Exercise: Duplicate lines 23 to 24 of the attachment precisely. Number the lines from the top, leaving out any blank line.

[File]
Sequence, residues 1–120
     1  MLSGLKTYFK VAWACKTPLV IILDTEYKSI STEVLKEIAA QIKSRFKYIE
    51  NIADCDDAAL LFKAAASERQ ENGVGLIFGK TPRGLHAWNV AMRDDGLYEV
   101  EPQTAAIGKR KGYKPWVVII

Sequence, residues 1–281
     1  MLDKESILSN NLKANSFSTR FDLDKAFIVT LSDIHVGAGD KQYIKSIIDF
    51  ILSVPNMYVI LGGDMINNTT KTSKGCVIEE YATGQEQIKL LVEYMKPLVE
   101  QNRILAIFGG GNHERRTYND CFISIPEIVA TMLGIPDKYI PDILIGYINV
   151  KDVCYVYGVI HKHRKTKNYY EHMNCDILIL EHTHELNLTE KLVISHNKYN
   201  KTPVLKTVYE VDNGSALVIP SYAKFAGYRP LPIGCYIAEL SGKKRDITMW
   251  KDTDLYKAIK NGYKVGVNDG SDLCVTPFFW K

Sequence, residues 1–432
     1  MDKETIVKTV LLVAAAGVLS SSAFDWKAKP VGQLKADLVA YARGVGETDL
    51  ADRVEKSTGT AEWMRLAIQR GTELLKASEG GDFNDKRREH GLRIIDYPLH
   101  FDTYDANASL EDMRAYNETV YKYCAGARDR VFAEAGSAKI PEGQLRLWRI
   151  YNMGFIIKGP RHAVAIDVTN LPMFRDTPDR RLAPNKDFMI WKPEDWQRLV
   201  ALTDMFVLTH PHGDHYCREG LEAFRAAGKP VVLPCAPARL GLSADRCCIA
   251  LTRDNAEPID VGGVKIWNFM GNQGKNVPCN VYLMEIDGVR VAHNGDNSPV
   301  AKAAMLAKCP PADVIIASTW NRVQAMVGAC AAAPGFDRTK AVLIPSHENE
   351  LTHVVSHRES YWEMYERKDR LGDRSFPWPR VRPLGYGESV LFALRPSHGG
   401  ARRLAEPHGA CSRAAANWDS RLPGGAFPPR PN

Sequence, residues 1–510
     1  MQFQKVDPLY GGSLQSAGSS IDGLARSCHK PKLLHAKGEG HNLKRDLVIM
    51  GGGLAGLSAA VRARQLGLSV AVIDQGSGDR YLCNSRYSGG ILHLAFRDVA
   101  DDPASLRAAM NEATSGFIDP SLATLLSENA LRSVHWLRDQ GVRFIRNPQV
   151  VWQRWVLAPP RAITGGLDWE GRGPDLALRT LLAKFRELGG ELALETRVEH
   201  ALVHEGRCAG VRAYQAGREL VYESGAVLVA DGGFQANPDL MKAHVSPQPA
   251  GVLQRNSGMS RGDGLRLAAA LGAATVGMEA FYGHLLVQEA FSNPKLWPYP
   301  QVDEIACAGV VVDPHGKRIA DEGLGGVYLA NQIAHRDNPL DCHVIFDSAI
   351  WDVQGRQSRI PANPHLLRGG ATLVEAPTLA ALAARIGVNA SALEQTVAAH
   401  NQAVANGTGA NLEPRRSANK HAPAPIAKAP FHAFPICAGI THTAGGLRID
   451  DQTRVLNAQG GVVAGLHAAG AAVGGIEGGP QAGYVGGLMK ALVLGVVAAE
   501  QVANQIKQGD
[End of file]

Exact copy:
     1  MQFQKVDPLY GGSLQSAGSS IDGLARSCHK PKLLHAKGEG HNLKRDLVIM
    51  GGGLAGLSAA VRARQLGLSV AVIDQGSGDR YLCNSRYSGG ILHLAFRDVA